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Canadians stuck in Gaza as other foreigners leave

Rafah border crossing on 2 November
Foreign passport holders waiting to cross into Egypt at the Rafah crossing on 2 November.

Hundreds of Canadians remain trapped in Gaza as foreign nationals from other countries have been able to cross into Egypt.

No Canadian was on the latest list published by Gaza border authorities of those approved to leave on Friday.

One family said they received a call from Canadian officials to be ready at a moment's notice, but have not yet been informed on when they could leave.

Canada has registered about 450 of its citizens who want to leave Gaza.

So far, dozens of Americans have been able to leave in the last three days. People from other countries, including Britain, Sri Lanka, Mexico and European nationals have either left or are on the approved list to leave.

Dozens of seriously injured Palestinians were also allowed to cross into Egypt since Wednesday.

One Canadian has managed to leave Gaza, who was reportedly able to exit "with a third party", although the government declined to give details, citing privacy considerations.

The BBC understands there are about 7,000 dual nationals in Gaza.

In an update on social media late Thursday evening, Canada's foreign affairs minister Melanie Joly said she spoke to her Israeli counterpart, Eli Cohen, and was reassured that Canadians would be able to leave "in the coming days".

"My Egyptian counterpart confirmed their cooperation," Ms Joly said. "Global Affairs Canada will communicate the latest information directly with Canadians."

The lists of those allowed to cross is agreed upon between Egypt and Israel, with embassies from the relevant countries being informed in advance to ensure they can prepare to receive their citizens, Western officials have said.

In total, Canada has provided authorities in the region with a list of about 450 eligible citizens, permanent residents and family members who want to leave the embattled territory.

It is one of the largest contingents of foreign nationals in Gaza, Canadian officials said.

Prime Minister Justin Trudeau was questioned on Thursday on why Canadians had not yet received approval to leave.

"Obviously, the Rafah crossing is an extremely complicated place right now," Mr Trudeau said.

"We're pushing on our friends in Israel and our friends in Egypt, working with Americans and others, to make sure that the Canadian families get on the list," he said.

One Canadian family in Gaza told the Canadian Press that they received a call from officials on Thursday telling them to gather their documents to prepare to leave, but they were not given a date or time.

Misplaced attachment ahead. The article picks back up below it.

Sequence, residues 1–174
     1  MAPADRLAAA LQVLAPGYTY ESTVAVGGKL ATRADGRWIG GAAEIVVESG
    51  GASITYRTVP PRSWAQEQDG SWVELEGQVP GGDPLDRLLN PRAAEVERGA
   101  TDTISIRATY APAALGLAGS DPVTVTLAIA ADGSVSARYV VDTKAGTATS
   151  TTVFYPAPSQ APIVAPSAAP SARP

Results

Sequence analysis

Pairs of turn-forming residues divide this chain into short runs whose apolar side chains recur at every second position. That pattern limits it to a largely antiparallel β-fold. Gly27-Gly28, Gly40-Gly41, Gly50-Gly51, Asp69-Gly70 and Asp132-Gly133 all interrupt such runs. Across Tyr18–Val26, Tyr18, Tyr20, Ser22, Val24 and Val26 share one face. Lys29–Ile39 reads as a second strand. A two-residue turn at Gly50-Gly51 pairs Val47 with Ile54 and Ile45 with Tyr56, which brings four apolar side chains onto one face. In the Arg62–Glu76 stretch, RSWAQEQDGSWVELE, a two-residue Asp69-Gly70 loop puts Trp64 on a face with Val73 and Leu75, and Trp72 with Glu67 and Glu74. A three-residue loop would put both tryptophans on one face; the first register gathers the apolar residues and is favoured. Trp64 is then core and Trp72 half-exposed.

Mahmoud Nasser said he and his family - including his pregnant wife - were sheltering at a refugee camp, a 20-minute ride away from the Rafah border crossing.

"It's kind of a dilemma for all of us," he said. "We're not sure what to do with this situation."

He was told that a bus would be waiting for Canadians and their families on the Egyptian side once they were allowed to cross.

Others say they have received no word yet from Global Affairs Canada.

More on Israel-Gaza war

A spokeswoman for a Palestinian Canadian group that met Mr Trudeau this week told the BBC that many are feeling "very upset and frustrated" that the Canadian government has been unsuccessful in securing safe passage for its trapped citizen

Reem Sultan said that - in contrast to the government's official statements - some Canadian friends and acquaintances of hers in Gaza have not yet been contacted by officials.

She said that some families with relatives in Gaza believe they "are being treated differently" than Canadian citizens who were evacuated from Tel Aviv in the early stages of the war.

According to the Canadian Air Force, more than 1,600 Canadians were flown out of Israel on 19 separate flights by military aircraft, with the last flight taking off on 23 October.

"Now, we're not putting on enough pressure to get our citizens out...many are feeling as though they are not as important," she said. "This is the part that is very confusing and frustrating for families."

Canadians in Gaza have reported that they are facing mounting humanitarian issues, including shortages of fuel, lack of food, and contaminated water amid heavy airstrikes and bombardment from Israeli aircraft and artillery.

"Every minute that passes, people die," she said. "Our families are at risk of dying at any moment."

The group also demanded that Canada call for an immediate ceasefire in the war and a humanitarian corridor to allow food, water and fuel to be shipped into Gaza.

Canada, along with the US, the UK, and EU, has stopped short of calling for a ceasefire, instead pushing for a humanitarian "pause" in the conflict.

The Hamas-run health ministry in Gaza says more than 9,000 people have been killed in the Strip since the beginning of the war.

Six Canadians were killed when Hamas gunmen launched an unprecedented assault on Israel from the Gaza Strip on 7 October, killing more than 1,400 people and taking 242 hostages.

At least two Canadians are still reported missing.